The effect of ultraviolet radiation on freshwater planktonic primary production: The role of recovery and mixing processes
Limnol. Oceanogr., 50(5), 2005, 1352-1361 | DOI: 10.4319/lo.2005.50.5.1352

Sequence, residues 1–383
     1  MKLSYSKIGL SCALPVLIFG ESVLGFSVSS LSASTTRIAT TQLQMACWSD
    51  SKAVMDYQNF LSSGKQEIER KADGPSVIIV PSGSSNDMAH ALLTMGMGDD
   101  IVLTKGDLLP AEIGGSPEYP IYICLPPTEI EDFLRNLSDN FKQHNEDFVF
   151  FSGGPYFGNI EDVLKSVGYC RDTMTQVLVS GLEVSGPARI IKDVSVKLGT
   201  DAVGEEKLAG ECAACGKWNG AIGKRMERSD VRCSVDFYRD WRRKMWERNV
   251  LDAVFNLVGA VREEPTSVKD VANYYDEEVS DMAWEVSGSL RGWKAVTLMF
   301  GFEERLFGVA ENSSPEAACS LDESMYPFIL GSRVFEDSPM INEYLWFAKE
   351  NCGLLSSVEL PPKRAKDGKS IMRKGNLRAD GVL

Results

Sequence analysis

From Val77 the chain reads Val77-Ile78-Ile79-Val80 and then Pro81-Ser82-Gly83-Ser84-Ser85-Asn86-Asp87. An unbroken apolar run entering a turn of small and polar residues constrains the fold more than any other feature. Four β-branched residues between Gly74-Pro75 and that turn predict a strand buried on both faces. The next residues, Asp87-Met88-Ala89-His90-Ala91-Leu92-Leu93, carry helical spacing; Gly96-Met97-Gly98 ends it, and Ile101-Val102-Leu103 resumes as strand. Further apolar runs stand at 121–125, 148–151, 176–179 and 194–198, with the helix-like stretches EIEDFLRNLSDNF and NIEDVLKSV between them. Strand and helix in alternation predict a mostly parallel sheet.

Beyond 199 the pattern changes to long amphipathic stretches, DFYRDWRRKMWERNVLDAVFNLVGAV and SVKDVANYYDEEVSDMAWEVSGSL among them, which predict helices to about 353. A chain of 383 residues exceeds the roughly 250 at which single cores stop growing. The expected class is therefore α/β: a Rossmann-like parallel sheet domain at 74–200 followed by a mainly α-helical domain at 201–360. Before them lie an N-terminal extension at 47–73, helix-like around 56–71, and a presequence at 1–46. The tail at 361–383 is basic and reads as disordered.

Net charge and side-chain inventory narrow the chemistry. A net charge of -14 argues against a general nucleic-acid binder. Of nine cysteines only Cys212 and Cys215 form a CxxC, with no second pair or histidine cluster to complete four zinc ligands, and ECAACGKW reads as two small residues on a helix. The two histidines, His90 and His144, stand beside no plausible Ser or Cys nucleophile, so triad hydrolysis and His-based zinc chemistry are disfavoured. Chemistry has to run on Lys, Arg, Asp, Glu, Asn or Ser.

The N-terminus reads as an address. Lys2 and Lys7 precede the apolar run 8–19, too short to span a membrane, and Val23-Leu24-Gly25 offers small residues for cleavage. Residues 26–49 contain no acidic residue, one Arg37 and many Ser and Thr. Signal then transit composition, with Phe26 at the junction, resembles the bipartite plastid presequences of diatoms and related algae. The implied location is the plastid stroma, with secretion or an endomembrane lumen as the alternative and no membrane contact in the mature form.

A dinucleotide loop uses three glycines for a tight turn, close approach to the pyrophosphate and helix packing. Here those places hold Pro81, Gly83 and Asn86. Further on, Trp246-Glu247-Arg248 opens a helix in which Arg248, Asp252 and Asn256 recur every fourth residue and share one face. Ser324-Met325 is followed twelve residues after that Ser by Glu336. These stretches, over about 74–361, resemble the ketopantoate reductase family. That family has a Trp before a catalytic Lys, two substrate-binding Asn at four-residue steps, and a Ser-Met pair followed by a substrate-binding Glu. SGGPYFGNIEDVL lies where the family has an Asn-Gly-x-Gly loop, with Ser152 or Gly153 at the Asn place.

ABSTRACT: We used a spectrally resolved kinetic model to calculate ultraviolet radiation (UVR) and photosynthetic active radiation (PAR)-dependent photoinhibitory losses in planktonic primary production in a large lake (Lake Erie) under mixing and water transparency scenarios typical of current and possible future environmental conditions. The model, previously calibrated for Lake Erie phytoplankton, also provided estimates of photoinhibition recovery rates under high irradiance conditions that were compared against direct measurements of recovery rates under lower irradiance. Extensive recovery of photosynthesis, even after severe (80%) inhibition, occurred after transfer to benign, low irradiance conditions. Measured recovery rate constants were independent of preexposure treatment (median of 1.70 X 10-4 s-1) and were comparable to modeled rates under higher radiation fluxes (2.10 X 10-4 s-1). Recovery rates were sufficient to allow near-full recovery within one photoperiod, even after severe inhibition (<6 h). Estimates of the photoinhibitory loss of primary production, integrated through the mixed layer, were not greatly affected by mixing rate variations but were higher in all scenarios with finite mixing rates than in those with no mixing. Modeled 20% stratospheric ozone reductions resulted in small increases in integrated UVR photoinhibition (<1%), as did 20% and 50% changes in dissolved organic carbon (DOC) concentration, whereas increased maximum water clarity scenarios decreased integrated photoinhibition estimates. While UVA, not UVB or PAR, caused most of the photoinhibition in Lake Erie phytoplankton, the extent of integrated photoinhibition is likely to depend mostly on algal physiological parameters of UVR susceptibility (sensitivity and recovery) and the ratio of mixing depth to PAR and UVR photic depths.